Quantcast

The Future of Nuclear Power Is ‘Challenging,’ Says WNA Report

Energy

By Paul Brown

The nuclear industry is celebrating breaking records that have stood for a quarter of a century—but a new update on its successes still fails to disperse the clouds over its future.

The nuclear industry provides 10 percent of the world's electricity, but its target is to supply 25 percent by 2050—requiring a massive new build program.

Ten new nuclear reactors came on line last year worldwide and more new reactors are being built than at any time since 1990. According to the report by the World Nuclear Association (WNA), there were 66 power reactors under construction across the world last year and another 158 planned. Of those being built, 24 were in mainland China.

In what it promises will be an annual update of the industry's "progress," the WNA presents a rosy picture of the future of the industry, which it hopes will produce ever-increasing amounts of the world's power.

Currently, the industry provides 10 percent of the world's electricity, but its target is to supply 25 percent by 2050—requiring a massive new build program. The plan is to open 10 new reactors a year until 2020, another 25 a year to 2030 and more than 30 a year until 2050.

Vast Increase

The industry regards this as vital to ensure that the governments of the world keep to their plan of keeping the planet from passing the internationally-agreed limit of a 2 C rise in temperatures above pre-industrial levels. It says only a vast increase in new nuclear power, combined with renewables, can achieve this.

"The World Nuclear Association's vision for the future global electricity system consists of a diverse mix of low-carbon technologies—where renewables, nuclear and a greatly reduced level of fossil fuels (preferably with carbon capture and storage) work together in harmony to ensure a reliable, affordable and clean energy supply," the report says.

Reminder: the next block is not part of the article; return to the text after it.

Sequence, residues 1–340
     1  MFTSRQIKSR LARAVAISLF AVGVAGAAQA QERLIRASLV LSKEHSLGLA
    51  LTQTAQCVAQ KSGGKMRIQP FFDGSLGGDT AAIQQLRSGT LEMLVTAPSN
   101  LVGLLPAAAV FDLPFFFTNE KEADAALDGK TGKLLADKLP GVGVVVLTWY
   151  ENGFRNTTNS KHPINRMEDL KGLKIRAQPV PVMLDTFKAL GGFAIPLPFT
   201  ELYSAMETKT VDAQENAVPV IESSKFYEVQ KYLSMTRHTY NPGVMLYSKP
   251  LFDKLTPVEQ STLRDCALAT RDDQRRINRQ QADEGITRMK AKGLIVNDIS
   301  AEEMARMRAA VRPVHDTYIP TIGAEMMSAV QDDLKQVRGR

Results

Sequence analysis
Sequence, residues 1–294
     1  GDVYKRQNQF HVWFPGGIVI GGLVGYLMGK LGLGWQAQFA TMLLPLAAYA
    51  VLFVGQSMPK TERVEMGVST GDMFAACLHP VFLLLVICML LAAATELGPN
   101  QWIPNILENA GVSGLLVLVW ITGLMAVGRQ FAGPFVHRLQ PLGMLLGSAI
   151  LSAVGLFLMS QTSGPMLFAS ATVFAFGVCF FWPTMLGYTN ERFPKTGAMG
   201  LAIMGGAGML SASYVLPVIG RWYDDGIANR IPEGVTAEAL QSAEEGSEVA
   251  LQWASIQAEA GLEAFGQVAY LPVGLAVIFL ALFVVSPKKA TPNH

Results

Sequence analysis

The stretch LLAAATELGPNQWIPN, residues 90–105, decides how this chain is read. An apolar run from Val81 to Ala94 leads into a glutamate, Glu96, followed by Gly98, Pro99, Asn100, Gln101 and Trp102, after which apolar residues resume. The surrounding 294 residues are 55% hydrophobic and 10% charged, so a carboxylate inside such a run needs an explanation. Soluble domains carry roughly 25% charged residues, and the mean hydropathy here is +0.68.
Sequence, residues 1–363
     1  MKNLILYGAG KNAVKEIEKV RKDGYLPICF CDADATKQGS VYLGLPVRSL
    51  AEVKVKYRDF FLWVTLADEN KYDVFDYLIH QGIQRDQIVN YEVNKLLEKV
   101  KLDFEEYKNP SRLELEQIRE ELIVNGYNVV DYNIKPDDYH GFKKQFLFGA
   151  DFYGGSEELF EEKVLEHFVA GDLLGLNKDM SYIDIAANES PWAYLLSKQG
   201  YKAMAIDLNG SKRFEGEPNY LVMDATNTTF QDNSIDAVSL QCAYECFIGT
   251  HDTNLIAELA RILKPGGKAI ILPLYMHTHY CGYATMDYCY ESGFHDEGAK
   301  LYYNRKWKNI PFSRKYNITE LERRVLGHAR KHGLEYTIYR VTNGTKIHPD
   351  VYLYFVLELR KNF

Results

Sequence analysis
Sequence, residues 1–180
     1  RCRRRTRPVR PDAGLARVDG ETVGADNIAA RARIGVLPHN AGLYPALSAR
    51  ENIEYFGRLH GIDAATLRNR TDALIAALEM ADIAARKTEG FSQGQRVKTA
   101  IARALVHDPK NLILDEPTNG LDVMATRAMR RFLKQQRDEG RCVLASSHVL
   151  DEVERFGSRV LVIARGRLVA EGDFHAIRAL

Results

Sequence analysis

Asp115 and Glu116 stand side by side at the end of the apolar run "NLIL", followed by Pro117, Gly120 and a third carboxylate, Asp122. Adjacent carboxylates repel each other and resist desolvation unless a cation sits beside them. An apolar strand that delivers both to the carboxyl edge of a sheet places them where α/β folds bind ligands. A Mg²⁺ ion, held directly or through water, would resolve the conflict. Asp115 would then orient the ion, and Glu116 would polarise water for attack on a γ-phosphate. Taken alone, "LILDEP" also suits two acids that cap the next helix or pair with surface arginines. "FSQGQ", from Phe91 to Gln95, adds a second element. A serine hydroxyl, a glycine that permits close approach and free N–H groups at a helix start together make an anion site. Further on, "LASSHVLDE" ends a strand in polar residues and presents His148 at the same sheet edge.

Despite its optimism, the WNA admits that the situation globally for the industry is "challenging," particularly in Europe and the U.S., where low electricity prices are making nuclear power uneconomic.

The brightest prospect is China, where nuclear power is shielded from market forces. Eight new reactors were connected to the grid in 2015, with many more scheduled for construction as part of China's bid to phase out coal and improve air quality.

The largest nuclear power exporter is Russia and President Putin is offering countries generous terms, including providing the fuel for the reactors and then taking the waste back to Russia.

This plan, which ties countries into close partnerships with Russia, could be seen to pose political dangers for the countries concerned, giving Russia direct control over their energy supplies.

Many countries have chosen to ignore this potential problem. As a result, Russia's national nuclear industry is currently committed to building new reactors in China, Hungary, India and Turkey and is engaged with potential buyers in Jordan, Kazakhstan, Nigeria, South Africa and Vietnam, among others.

South Korea and India are also quoted in the WNA report as boosting nuclear power with new commitments in 2015.

In Europe and North America, however, nuclear operators are struggling. In Europe, this is mainly because of political opposition in Germany and the fact that the French nuclear industry's flagship new design, currently under construction, is badly delayed by cost overruns and time delays.

Hard to Compete

The recent UK vote to leave the European Union, which took place after the WNA report was compiled, will make this situation worse. The British plan to build 10 new reactors, including four of French design, now seems much less likely to be realized.